We tend to deal with a lot of relationship issues here on the blog. Most of the relationships we have covered so far are monogamous (although I, and I believe other bloggers here, accept poly relationships, etc.)
So, of the various hats I wear, I happen to have a degree in psychology. I didn’t go into psych for reasons many people suspect, though. I didn’t aspire to help people, be a counselor, or anything like that, even though I have worked as a Mental Health Case Manager. I mostly focused on social psychology because it’s crazy interesting. However, I do get psych updates that may help readers here who have dealt with and are currently dealing with relationship issues. One of my favorite places on the web is PsychCentral. It offers a lot of articles, tests, blogs and areas to talk with people who want to help.
This article at PsychCentral struck a chord with me because I am a recovering perfectionist. I’m told that some of our readership (possibly the submissives, though maybe others) tend to also be perfectionistic. Although perfectionism can be seen as a good trait, in it’s extreme form, maladaptive perfectionism, it can be debilitating and actually cause underperformance. (So it’s also self-defeating.)
We grow up, unfortunately, in mostly a fantasy world in which we are supposed to meet our one, true love and live happily ever after. But anyone who’s lived just a little bit knows that reality is much more complicated. In addition to having a degree in psychology, I also worked at a university as a philosopher for several years, and one of the things I supported was a kind of inherent messiness in the world–in love, in ethics, in politics, in science; in just about everything.
So, I bring this article to my perfectionist readers, to let them know that extreme perfectionism is an undesirable, and self-defeating thing.
Here’s an exerpt:
If you are looking for the perfect partner or trying to be one – think twice. Perfection is painfully unrealistic for individuals and emotionally costly for couples.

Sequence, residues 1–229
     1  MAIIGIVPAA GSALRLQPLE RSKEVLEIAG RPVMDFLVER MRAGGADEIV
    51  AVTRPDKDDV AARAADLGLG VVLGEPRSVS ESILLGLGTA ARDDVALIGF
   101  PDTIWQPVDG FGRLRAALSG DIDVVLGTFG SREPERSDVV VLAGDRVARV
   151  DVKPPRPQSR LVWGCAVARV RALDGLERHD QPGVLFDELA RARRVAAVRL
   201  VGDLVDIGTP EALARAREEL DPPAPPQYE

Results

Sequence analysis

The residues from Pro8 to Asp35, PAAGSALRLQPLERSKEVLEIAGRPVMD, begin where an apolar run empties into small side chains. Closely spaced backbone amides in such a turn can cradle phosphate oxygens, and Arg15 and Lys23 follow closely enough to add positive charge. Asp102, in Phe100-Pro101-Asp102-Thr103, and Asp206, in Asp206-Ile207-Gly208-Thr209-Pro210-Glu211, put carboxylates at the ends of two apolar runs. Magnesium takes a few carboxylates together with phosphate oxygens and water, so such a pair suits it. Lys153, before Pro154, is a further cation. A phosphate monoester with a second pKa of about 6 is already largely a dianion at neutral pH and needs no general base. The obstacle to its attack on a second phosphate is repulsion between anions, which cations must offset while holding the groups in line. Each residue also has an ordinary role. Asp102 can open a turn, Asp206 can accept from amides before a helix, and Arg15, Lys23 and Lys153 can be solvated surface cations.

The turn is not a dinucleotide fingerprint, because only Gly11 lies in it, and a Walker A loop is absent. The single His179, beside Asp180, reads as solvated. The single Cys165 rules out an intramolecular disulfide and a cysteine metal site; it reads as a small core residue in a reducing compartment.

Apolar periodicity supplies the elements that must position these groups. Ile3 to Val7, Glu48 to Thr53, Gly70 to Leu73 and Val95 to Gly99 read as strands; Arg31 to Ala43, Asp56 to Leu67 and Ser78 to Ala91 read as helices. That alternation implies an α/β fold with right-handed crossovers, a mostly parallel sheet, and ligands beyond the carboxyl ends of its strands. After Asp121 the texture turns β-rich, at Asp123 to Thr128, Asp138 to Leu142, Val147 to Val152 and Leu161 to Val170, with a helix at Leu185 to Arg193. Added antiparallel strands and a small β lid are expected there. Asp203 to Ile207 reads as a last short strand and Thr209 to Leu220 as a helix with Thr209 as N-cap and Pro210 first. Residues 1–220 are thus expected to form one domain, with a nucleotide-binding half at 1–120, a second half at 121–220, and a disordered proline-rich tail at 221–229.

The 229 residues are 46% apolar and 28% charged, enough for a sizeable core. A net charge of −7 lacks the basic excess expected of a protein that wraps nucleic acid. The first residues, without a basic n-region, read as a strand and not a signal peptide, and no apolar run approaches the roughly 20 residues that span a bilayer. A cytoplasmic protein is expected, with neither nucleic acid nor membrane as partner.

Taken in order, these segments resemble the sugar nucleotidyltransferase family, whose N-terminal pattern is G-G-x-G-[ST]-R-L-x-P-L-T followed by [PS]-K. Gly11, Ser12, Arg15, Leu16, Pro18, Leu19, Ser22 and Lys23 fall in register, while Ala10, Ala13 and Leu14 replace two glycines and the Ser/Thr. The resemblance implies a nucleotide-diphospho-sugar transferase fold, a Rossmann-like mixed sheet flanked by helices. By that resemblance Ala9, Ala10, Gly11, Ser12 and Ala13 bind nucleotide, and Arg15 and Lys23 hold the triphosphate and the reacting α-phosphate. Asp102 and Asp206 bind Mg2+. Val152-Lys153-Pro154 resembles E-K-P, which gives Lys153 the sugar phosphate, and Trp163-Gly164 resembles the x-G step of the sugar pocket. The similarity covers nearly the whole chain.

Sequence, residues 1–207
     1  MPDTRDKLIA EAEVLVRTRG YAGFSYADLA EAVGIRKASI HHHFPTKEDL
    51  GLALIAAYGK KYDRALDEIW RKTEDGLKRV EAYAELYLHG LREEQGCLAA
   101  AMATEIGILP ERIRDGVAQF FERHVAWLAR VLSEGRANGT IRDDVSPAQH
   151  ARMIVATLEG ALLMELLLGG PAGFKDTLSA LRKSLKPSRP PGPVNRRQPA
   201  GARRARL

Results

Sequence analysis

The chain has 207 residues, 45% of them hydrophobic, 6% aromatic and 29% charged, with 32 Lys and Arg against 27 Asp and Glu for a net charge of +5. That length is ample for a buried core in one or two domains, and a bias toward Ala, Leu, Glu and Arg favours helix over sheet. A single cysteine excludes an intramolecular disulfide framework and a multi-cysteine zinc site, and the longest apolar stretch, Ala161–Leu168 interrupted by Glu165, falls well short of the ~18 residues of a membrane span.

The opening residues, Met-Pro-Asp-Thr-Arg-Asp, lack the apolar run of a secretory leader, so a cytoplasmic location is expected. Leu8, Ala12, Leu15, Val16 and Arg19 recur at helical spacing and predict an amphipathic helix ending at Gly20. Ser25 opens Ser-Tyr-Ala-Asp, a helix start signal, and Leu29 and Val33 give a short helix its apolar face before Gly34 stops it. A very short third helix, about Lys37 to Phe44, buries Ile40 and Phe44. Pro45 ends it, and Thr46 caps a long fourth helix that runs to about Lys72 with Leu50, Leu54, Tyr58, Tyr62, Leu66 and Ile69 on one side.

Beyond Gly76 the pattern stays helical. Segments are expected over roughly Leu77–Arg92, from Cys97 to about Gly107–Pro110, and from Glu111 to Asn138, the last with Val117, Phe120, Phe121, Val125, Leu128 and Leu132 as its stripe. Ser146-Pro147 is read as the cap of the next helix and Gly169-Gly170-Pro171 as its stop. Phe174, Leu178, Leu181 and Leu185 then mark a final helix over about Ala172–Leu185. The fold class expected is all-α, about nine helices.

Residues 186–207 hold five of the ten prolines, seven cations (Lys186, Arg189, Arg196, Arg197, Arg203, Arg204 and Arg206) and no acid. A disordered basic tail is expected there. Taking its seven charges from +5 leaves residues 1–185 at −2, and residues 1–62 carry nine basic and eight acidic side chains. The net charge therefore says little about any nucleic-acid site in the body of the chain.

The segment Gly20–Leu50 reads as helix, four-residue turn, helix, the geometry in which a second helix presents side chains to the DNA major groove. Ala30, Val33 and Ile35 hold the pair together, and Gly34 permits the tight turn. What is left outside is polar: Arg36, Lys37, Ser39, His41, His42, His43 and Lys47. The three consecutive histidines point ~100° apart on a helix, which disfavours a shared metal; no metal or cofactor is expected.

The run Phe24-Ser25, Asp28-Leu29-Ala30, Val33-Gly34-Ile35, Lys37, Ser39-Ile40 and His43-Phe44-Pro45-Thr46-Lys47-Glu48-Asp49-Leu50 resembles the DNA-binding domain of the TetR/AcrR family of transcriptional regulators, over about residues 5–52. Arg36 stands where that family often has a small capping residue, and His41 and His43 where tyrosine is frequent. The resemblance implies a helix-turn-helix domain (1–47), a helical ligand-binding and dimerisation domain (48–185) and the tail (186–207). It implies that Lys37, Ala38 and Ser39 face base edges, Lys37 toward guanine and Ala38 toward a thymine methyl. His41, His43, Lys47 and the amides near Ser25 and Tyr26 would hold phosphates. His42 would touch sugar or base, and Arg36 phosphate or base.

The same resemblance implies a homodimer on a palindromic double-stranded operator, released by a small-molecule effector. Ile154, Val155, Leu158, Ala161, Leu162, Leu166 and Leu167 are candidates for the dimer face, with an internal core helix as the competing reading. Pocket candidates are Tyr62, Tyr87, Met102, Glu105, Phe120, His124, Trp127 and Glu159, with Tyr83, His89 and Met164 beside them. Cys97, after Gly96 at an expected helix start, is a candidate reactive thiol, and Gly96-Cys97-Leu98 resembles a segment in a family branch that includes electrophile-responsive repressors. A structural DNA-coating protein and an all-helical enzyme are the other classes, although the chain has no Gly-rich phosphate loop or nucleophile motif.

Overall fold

While there is no doubt that striving to be your personal best and feeling good about your efforts is healthy as well as relationship enhancing – perfectionism is something else.
Perfectionism is the belief that a state of completeness and flawlessness can and should be attained. The literature on perfectionism underscores that there is an important difference between adaptive and maladaptive perfectionism. It is a difference worth considering.
- Adaptive perfectionism involves striving for high standards as motivational and encouraging but there is choice in the pursuit. Everything does not have to be perfect.
- There is emotional resiliency to stay with the training, the studying, the belief in one’s partner despite human error- mistakes are allowed.
- Failure can be tolerated without threatening self-worth.
- Those with adaptive perfectionism can still feel positive about themselves, their partner and other aspects of their life – even if they don’t get the raise, score the highest or have the perfect home.
- Maladaptive perfectionism is different. Those with maladaptive perfectionism don’t really have a choice to strive or excel. They have a pervasive need to achieve an unrealistic standard of perfection as a proof of self-worth.